Heat exchangers -- metal fins and attachments that help channel heat into and out of the air in your home -- are a common part of air conditioner and heating systems. Air exchangers use heat exchangers, but they are not tied to a specific heating or cooling task. Instead, they are designed to improve a home's insulation quality and help save money.
You do not need an air exchanger. They do not provide primary heating or cooling functions like an air conditioner or heat pump does. They do not have the same health benefits that humidifiers or air filters do either. However, they do allow you to create a source of fresh air in your home without losing heating. If you want a consistent source of fresh air but do not want to open a window or crack a door to get it, an air exchanger may be the solution.
Air exchangers are primarily used in order to save heat. They open to outside air, but as the inside air flows out to be replaced, they use a system to draw the heat away and give it to the incoming outdoor air. The air itself is renewed, but the heat remains in the house. The most effective versions are those that mimic heat pumps with refrigerant systems.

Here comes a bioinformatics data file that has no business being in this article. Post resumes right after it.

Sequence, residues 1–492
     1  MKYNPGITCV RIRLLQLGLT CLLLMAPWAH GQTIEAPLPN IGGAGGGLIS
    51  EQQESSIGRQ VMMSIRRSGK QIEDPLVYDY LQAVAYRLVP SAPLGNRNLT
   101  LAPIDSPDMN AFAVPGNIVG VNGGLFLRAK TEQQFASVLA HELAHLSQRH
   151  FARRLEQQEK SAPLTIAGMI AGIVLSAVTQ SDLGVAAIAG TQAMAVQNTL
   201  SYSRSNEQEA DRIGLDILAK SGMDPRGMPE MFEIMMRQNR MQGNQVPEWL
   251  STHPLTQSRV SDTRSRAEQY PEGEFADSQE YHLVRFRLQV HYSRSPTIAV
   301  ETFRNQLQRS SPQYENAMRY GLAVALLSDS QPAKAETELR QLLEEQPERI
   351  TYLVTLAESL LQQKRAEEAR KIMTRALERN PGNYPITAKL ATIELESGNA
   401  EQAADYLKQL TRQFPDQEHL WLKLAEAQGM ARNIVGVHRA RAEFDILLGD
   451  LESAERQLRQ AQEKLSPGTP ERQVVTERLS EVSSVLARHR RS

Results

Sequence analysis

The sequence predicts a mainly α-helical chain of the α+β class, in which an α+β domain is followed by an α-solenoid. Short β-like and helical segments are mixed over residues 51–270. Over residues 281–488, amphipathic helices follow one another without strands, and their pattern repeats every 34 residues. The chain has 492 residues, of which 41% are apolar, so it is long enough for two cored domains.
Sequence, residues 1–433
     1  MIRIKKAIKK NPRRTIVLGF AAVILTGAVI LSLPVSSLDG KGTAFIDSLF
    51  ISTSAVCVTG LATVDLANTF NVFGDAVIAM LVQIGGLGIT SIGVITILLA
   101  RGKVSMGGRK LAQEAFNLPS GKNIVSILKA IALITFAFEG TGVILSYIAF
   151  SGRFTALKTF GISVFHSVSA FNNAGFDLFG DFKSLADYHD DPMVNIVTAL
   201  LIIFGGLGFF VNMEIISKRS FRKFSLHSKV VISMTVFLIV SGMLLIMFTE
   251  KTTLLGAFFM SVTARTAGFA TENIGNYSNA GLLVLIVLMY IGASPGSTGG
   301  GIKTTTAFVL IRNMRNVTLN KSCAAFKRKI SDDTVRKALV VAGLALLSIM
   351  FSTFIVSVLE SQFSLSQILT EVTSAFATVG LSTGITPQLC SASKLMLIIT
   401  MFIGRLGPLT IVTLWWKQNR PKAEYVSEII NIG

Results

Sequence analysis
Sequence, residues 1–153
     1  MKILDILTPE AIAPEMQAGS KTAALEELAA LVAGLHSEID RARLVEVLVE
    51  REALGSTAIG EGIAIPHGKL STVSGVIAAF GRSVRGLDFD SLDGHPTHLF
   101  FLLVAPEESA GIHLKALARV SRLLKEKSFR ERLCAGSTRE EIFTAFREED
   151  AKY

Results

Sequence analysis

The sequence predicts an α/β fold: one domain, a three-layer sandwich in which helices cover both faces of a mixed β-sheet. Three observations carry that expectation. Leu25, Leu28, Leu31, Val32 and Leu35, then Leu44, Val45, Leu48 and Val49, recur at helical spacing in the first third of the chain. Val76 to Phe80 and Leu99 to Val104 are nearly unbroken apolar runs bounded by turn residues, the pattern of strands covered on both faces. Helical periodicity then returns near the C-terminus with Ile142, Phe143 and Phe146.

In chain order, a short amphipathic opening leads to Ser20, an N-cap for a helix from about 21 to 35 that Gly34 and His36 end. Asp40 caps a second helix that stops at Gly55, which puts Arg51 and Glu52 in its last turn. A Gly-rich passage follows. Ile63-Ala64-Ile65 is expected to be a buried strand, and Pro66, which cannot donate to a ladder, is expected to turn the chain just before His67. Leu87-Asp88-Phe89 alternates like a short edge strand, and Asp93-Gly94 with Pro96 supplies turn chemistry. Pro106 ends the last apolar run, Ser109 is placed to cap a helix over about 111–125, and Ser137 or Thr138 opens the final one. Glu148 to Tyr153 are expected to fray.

Air exchangers are very useful for altering humidity as well. This works well if you do not want to invest in a dehumidifier but still have a tightly sealed house that makes it difficult for moisture to escape. The air exchanger allows water vapor and condensation to escape into the outdoor air while bringing in dryer air. This helps create a greater equilibrium between indoor and outdoor humidity levels.
Air exchangers are effective at saving money in place of other methods to get fresh air. Good air exchangers can save up to 80 percent of the heat in the air, according to North Dakota State University, which means you do not need to spend the energy to replace this heat using furnaces or heaters. As a result, your heating bills are lower. The only time air exchanger efficiency can struggle is when the air outside is very cold or very humid.